We are starting genetic analysis of scats to determine if there is a sex bias in scats collected. A sex-bias in scats collected has been found in jaguars and other felid species, which does not reflect the true sex ratio in the population (Palomares et al., 2012). Males may use scats as scent marks more than females. This would mean that more male scats are sampled, which may not accurately reflect the diet of the population. Males are 1.5x heavier than females on average, which may enable them to kill larger prey than females. For these reasons, we also want to see if the sex ratio of scats collected reflects the true sex ratio of the population, and if there is a difference in the diet between the sexes.
Scats and casts were collected opportunistically throughout the study site from January 2014 to April 2016. The study site is the southern end of Ponui Island (~600 ha) which is a sheep and beef farm with a large piece of intact forest. Other than farm animals, feral cats, rats, and mice are the only mammals on the island. North Island brown kiwi (Apteryx mantelli) are also prevalent on the island. Samples were washed into a gradation of sieves. The contents were analysed under a microscope. Invertebrates were identified using an insect keys and invertebrate books. The vertebrate content of the scat was identified to species. When possible, morphological differences were used to identify any bones, hairs or scales found. Prey remains were collected around the study site when seen, and vertebrate material was compared to this.
Felid sex identification was based on the methods described by Pilgrim et al. (2005) on the amelogenin region, and were optimised for this study. Faecal and blood samples were collected from two cats at the Massey University Feline Unit. These samples were used to test and optimise the methods, and as a reference for the feral cat samples. Two hundred feral cat scat samples collected above were used for this part of the study. Extraction of DNA from these samples and the reference (colony cats) faecal samples was with the ISOLATE Fecal DNA Kit (Bioline) using 100 – 150mg of faeces. DNA was amplified using PCR techniques, and a gel was run to visualise results.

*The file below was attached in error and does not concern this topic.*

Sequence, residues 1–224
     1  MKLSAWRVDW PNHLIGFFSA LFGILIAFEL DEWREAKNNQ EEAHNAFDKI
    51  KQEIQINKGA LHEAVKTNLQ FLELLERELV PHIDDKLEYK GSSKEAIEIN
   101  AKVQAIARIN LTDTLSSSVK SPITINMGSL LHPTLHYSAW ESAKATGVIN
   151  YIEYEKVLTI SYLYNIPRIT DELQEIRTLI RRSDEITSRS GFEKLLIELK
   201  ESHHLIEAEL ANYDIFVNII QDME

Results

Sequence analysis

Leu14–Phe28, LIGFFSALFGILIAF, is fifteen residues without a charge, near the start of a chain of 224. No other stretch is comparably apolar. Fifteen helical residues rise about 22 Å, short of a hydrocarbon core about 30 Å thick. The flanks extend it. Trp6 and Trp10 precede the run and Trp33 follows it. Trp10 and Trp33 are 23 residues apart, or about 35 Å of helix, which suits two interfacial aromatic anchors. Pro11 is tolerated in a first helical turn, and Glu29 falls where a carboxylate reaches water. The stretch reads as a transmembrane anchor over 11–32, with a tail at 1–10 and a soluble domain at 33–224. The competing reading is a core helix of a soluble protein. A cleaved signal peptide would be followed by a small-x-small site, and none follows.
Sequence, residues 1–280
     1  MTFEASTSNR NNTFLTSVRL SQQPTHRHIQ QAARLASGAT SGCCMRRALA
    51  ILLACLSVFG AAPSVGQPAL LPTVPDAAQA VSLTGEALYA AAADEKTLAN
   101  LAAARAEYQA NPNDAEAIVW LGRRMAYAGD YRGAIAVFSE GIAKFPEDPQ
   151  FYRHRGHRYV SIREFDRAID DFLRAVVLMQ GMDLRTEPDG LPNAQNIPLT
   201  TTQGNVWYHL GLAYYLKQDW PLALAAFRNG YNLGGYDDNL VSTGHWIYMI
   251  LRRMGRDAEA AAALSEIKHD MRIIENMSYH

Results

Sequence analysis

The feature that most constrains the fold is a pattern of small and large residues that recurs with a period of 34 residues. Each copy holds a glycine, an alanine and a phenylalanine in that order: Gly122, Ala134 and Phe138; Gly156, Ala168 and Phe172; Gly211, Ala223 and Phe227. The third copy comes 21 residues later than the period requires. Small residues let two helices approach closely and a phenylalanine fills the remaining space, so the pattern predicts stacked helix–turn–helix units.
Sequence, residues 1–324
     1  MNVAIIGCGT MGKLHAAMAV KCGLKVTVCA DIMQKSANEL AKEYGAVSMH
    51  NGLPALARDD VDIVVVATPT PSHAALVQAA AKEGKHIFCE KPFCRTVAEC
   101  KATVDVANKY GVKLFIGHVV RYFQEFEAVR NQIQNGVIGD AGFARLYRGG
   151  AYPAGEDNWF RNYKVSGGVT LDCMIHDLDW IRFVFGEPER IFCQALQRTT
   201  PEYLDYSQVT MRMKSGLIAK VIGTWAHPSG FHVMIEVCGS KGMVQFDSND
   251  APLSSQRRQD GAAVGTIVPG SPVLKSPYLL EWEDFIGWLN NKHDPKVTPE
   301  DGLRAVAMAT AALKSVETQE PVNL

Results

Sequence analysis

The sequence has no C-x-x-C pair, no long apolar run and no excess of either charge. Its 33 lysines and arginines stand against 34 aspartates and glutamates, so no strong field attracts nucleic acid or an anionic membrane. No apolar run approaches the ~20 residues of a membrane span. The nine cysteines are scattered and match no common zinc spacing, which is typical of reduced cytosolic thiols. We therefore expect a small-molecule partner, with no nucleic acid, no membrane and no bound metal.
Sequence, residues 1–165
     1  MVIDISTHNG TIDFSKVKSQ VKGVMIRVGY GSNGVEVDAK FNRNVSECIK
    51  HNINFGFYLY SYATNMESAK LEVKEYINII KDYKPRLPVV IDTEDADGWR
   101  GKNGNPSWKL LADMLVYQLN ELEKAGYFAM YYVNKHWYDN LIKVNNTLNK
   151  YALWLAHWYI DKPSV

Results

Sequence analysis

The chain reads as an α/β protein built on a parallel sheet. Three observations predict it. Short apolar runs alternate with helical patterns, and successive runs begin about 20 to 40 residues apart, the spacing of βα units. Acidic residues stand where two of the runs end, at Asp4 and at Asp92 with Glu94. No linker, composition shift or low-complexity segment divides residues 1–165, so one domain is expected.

Only 200 scats have attempted to be sexed. So far, just over 50% of the samples have been successfully sexed. Due to the low success rate, more samples need to be sexed to determine the sex ratio. Just over 150 samples have also been sorted so far. Rats and mice are eaten frequently, as well as birds. Some scat samples also contain fragments of eggs.
This study is still being conducted. With this funding I will be sexing another 200 scat samples which will allow us to compare the sex ratio of scats to the sex ratio of the feral cat population. This will help us identify whether genetic techniques are useful as a non-invasive approach to identifying sex ratios. The increased sample size will also allow us to identify any dietary difference between the two sexes.
Borkin, K. M. (1999). Diet of feral cats (Felis catus) in pastoral habitats of Canterbury, Otago and Southland: Functional and numerical responses to rabbit availability. Post-graduate Diploma of Wildlife Management, University of Otago, Dunedin.
In his 35-year career to date, Roger Pech has made an outstanding contribution to wildlife management on both sides of the Tasman, and globally.
Roger had a slightly unorthodox start to his career in ecology and wildlife management; his university education was in physics. He completed a BSc (Hons) in 1974 and a PhD in 1980, both at Monash University in Melbourne. However, Roger’s PhD supervisor had a keen interest in natural history. From conversations with his supervisor, Roger deduced – correctly – that ecology is much more interesting than physics.